Mar 12, 2014
Chris Abani: Abigail and My Becoming
Posted on Apr 19, 2006
By Chris Abani
Then one night I saw a young Chicana woman read Neruda in Spanish, read: last night I wrote the saddest lines….
Then one night, two days after I arrived in Marfa, Texas, on a Lannan Foundation Residency, woken by the melancholic call of a train whistle, Abigail stepped out of the shadows of my mind.
It began with that train. I know, I know, those damn trains. It was 4 a.m., and displaced from sleeping on the couch, I began to write to Randy Crawford’s ?Rainy Night in Georgia,? and with it, as with Proust’s Madeline, came memories. One memory was of watching a film called ?Ashanti? in Nigeria in the ‘80s. The film was about sex trafficking and starred Beverly Johnson, Omar Sharif and Peter Ustinov. There it was again, the ectoplasm, the residue of an old ghost.
And with this memory came all of the emotional memory of childhood. Of dusty savannahs sighing into the horizon with a loss there are no words for, no smells for. Of being teased as a sensitive child. Of watching that body hanging from an orange tree, hanging from the shame of something done in an unspeakable war. Of playing in burned-out tanks and in chapels that smelled of bat droppings. Of being invisible. Of carrying a core of melancholy so deep that none of the love lavished on me could melt it.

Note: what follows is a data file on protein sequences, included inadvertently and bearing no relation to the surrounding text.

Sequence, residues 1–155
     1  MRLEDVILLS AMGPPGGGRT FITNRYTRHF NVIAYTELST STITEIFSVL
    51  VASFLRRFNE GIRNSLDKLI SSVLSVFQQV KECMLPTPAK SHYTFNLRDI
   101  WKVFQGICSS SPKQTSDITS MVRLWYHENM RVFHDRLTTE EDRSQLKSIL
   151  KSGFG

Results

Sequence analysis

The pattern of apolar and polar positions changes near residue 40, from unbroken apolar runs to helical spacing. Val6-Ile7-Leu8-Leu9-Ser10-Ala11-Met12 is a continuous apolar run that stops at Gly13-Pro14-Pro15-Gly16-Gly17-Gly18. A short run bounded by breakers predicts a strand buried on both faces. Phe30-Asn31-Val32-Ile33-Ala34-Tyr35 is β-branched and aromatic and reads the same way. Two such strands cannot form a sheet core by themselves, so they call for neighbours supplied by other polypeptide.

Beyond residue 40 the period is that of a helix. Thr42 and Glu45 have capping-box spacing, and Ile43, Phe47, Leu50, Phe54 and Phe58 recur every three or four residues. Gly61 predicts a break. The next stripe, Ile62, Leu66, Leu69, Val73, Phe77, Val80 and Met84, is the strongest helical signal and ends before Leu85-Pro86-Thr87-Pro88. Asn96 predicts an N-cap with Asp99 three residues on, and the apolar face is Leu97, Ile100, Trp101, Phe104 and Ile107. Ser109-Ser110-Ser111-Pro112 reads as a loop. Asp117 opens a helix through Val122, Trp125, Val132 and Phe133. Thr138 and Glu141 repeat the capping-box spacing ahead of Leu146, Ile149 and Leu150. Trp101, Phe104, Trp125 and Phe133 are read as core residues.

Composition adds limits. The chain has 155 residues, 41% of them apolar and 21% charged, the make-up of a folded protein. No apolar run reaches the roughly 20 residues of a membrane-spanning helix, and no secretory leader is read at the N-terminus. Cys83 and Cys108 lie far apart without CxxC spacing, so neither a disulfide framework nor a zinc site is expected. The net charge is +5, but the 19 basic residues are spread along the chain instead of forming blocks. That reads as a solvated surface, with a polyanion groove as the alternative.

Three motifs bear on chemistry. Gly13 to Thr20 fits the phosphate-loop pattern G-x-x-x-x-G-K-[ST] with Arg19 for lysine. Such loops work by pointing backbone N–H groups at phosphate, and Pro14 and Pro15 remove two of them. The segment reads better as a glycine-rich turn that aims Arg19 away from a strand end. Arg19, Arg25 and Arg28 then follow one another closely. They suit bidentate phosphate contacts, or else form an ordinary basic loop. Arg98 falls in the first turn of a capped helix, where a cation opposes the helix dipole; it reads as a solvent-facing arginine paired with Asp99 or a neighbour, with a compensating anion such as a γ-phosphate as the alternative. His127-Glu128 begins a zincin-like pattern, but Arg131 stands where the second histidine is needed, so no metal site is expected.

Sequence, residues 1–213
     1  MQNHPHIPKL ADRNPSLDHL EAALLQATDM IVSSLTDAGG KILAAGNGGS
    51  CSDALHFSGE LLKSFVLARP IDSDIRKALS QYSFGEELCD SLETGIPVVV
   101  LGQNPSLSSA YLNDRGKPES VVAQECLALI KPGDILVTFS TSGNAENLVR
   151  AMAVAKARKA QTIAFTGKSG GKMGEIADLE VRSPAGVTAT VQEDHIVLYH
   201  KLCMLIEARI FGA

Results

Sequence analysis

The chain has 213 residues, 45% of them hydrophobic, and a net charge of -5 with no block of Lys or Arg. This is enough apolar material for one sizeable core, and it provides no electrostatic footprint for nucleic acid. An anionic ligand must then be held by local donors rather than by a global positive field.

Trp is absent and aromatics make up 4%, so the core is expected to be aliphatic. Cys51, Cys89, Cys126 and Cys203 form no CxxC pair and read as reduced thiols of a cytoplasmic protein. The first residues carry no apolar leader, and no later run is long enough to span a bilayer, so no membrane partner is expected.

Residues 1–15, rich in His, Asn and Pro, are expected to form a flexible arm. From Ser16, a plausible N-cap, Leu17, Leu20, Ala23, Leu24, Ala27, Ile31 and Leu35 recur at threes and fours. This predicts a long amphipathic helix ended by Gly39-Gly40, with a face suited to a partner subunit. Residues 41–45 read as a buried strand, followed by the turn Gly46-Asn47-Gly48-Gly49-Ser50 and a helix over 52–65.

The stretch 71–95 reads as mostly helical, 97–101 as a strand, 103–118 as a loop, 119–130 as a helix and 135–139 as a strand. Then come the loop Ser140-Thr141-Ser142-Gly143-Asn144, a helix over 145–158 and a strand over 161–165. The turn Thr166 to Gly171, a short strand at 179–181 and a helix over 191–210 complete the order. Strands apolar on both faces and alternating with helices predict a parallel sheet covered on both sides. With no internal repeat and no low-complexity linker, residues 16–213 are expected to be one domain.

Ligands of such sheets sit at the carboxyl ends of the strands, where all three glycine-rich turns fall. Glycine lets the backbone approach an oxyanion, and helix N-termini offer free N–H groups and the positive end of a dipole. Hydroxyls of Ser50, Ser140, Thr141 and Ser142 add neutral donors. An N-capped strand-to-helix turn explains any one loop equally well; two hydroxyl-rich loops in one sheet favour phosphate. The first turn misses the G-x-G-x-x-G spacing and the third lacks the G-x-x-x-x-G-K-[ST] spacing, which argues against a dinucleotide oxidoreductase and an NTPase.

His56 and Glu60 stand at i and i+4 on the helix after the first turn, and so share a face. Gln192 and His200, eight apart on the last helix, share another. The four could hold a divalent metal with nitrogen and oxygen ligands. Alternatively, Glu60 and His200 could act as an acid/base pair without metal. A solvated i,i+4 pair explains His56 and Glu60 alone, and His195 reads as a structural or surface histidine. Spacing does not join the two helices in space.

This is how the transubstantiation began. Maybe this was what drew me to the church as a child, to the incense and candles, drew me into the priesthood as a young man and now, much older, draws me still toward the unspeakable, the ineffable. The unspeakable name of God is hidden in the human body. This is law.
And regardless of my attempts, my body is all over this book. My soul is interwoven with Abigail’s soul. My heart is her heart.
Three weeks later, I had the first draft done. Months later, the book.
When asked, I often say that I write to find my own humanity, that I am in a desperate battle to redeem myself, to make myself beautiful in the world. And yet in finding Abigail, I feel reluctant to claim my humanity, I feel undeserving. I feel awe in the face of her. She is the meteor and I, her space.
This is the best compliment I could have received. In a way, I am not sure I deserve it. But I take it. I take it.
This is how I came to Abigail. This is how I came to this becoming. There will be others. And no doubt I will return to this essay and flesh it out, shape it more, become more.
But for now I ask you, in all humility, to do something to save these young women. Come, buy this book, meet this extraordinary young woman who came through it, follow her in ?Becoming Abigail.?
The lines of poetry, reprinted here with permission, come from ?Unintended Worship,? from the book ?If Only the Sea Could Sleep: Love Poems by Adonis? (Green Integer 77, 2002).
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